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An excerpt from www.HouseOfNames.com archives copyright 2000 - 2016


The distinguished surname Olean is a proud example of one of the more noteworthy Scottish surnames. In Scotland, hereditary surnames were adopted according to fairly general rules and during the late Middle Ages, names that were derived from localities became increasingly widespread. Local names originally denoted the proprietorship of the village or estate.The Olean family originally lived in the Norman settlement of Lyons-la-Foret, before migrating to England and Scotland.

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The surname Olean was first found in Perthshire where Sir Roger de Lyon settled in Scotland in 1098 and called the lands there Glen Lyon. "According to the family tradition the Lyons came to Scotland from France, by way of England, in the course of the twelfth century." [1] "John de Lyon obtained from David II a grant of the baronies of Forteviot and Fergundeny in Perthshire and Drumgawan in Aberdeenshire; his son, Sir John Lyon, was Secretary to Robert II, whose youngest daughter, Lady Jane Stewart, he married, and was created Lord Glamis, made Great Chamberlain, and Lord Chancellor of Scotland, and received grants of the Thanedom of Glamis in Forfarshire, and of the Barony of Kinghorn in Fifeshire. " [2] Another source claims that the family arrived via England later. "The name was not uncommon in England in the twelfth and thirteenth centuries, and landowners of the name were in occupation in several of the English shires in the reigns of Edward I and Edward II. The first of the name recorded in Scotland, probably an English soldier, was Thomas Lyon, crossbowman, who formed one of the garrison of Linlithgow peel in the pay of Edward II. " [1] Mention should now be made of the numerous listings of the family in England at about the same time. Here it is generally thought that the first record of the name was Roger de Leonibus filius Jeffrey de Lions who was listed in the Feet of Fines of Norfolk during the reign of Henry III of England (reign 1216-1272.) The same source lists John de Leonibus in Southamptonshire and Peter de Leonibus in Northamptonshire. The Hundredorum Rolls of 1273 list: Judaeus Leo and Jacob filius Leonis in Lincolnshire; John Leon in Oxfordshire; and Roger de Lyons, Wiltshire. [3]

Spelling variations of this family name include: Lyon, Lions, Lyons and others.


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This web page shows only a small excerpt of our Olean research. Another 183 words (13 lines of text) covering the years 1066, 1105, 1203, 1643, 1695, 1663, 1712, 1696, 1715, 1715, 1715, 1702, 1707 and are included under the topic Early Olean History in all our PDF Extended History products.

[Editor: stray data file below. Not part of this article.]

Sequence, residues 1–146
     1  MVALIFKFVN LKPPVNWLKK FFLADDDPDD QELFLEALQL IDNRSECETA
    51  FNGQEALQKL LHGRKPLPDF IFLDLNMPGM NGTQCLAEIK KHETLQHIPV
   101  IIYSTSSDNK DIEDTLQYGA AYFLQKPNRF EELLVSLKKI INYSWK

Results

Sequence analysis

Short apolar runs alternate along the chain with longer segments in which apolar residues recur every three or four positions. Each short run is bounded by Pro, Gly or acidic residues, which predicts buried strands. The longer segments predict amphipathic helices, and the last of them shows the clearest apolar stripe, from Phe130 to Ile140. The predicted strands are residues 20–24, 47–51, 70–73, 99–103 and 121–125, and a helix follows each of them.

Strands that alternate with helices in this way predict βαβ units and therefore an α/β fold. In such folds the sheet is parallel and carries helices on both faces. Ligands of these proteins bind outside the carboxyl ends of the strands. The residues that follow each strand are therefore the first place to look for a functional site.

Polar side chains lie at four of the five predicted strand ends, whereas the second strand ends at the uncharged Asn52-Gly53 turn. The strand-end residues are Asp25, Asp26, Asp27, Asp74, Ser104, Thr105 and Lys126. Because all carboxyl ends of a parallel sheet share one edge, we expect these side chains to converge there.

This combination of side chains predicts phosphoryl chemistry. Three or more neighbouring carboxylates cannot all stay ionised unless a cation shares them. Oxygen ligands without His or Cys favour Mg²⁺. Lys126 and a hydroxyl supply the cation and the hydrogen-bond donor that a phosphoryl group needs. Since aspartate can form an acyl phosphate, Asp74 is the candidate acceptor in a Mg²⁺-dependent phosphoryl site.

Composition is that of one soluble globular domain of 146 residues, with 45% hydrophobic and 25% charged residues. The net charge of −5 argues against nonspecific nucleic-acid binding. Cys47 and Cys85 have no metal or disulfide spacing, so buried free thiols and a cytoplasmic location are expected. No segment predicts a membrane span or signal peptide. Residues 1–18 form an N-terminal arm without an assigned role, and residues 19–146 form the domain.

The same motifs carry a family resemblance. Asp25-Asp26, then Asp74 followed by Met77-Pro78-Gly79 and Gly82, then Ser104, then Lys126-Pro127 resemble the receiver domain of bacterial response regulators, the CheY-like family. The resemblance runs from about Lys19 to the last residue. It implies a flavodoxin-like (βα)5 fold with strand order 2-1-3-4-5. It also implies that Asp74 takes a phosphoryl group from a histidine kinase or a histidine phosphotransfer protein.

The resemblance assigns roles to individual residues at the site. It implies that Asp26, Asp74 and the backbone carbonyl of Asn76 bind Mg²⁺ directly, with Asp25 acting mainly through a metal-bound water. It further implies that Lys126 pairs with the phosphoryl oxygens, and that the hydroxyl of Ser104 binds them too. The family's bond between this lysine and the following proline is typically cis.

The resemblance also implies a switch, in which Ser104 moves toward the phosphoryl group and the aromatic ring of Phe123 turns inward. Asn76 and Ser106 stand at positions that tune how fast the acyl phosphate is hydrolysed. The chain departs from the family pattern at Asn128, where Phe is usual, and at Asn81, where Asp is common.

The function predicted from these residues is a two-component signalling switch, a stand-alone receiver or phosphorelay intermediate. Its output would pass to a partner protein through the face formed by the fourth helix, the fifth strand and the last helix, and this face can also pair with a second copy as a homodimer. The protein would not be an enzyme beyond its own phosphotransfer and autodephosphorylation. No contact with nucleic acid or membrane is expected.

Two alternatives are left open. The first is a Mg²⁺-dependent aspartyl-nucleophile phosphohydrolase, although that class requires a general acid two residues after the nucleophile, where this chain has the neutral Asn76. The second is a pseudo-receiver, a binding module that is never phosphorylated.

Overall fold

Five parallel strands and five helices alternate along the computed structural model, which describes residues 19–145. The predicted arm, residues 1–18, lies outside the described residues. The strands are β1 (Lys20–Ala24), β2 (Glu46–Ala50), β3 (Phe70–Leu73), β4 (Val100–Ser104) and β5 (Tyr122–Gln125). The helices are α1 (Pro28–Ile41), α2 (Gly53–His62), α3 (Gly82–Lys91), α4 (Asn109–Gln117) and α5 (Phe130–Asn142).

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Another 159 words (11 lines of text) are included under the topic Early Olean Notables in all our PDF Extended History products.

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Some of the Olean family moved to Ireland, but this topic is not covered in this excerpt. Another 87 words (6 lines of text) about their life in Ireland is included in all our PDF Extended History products.

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Some of the first settlers of this family name or some of its variants were: John Lyon, who came to Barbados in 1634; William Lyon, who arrived at Boston in 1635; Thomas Lyon, who was on record in Connecticut in 1647; Walter Lyon, who was banished to America in 1662.

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  • E. James Olean, American politician, Mayor of Clarksburg, West Virginia, 1972-74, 1989


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  1. ^ Black, George F., The Surnames of Scotland Their Origin, Meaning and History. New York: New York Public Library, 1946. Print. (ISBN 0-87104-172-3)
  2. ^ Sims, Clifford Stanley The Origin and Signification of Scottish Surnames. 1862. Print.
  3. ^ Bardsley, C.W, A Dictionary of English and Welsh Surnames: With Special American Instances. Wiltshire: Heraldry Today, 1901. Print. (ISBN 0-900455-44-6)

Other References

  1. Warner, Philip Warner. Famous Scottish Battles. New York: Barnes and Noble, 1996. Print. (ISBN 0-76070-004-4).
  2. Skene, William Forbes Edition. Chronicles of the Picts, Chronicles of the Scots and Other Early Memorials of Scottish History. Edinburgh: H.M. General Register House, 1867. Print.
  3. Urquhart, Blair Edition. Tartans The New Compact Study Guide and Identifier. Secauccus, NJ: Chartwell Books, 1994. Print. (ISBN 0-7858-0050-6).
  4. Burke, Sir Bernard. Genealogical and Heraldic History of the Peerage and Baronetage, The Privy Council, Knightage and Compainonage. London: Burke Publishing, 1921. Print.
  5. Browning, Charles H. Americans of Royal Descent. Baltimore: Genealogical Publishing. Print.
  6. Bain, Robert. The Clans and Tartans of Scotland. Glasgow & London: Collins, 1968. Print. (ISBN 000411117-6).
  7. Robb H. Amanda and Andrew Chesler. Encyclopedia of American Family Names. New York: Haper Collins, 1995. Print. (ISBN 0-06-270075-8).
  8. Dorward, David. Scottish Surnames. Glasgow: Harper Collins, 1995. Print.
  9. Donaldson, Gordon and Robert S. Morpeth. Who's Who In Scotish History. Wales: Welsh Academic Press, 1996. Print. (ISBN 186057-0054).
  10. Markale, J. Celtic Civilization. London: Gordon & Cremonesi, 1976. Print.
  11. ...


This page was last modified on 21 January 2016 at 13:50.

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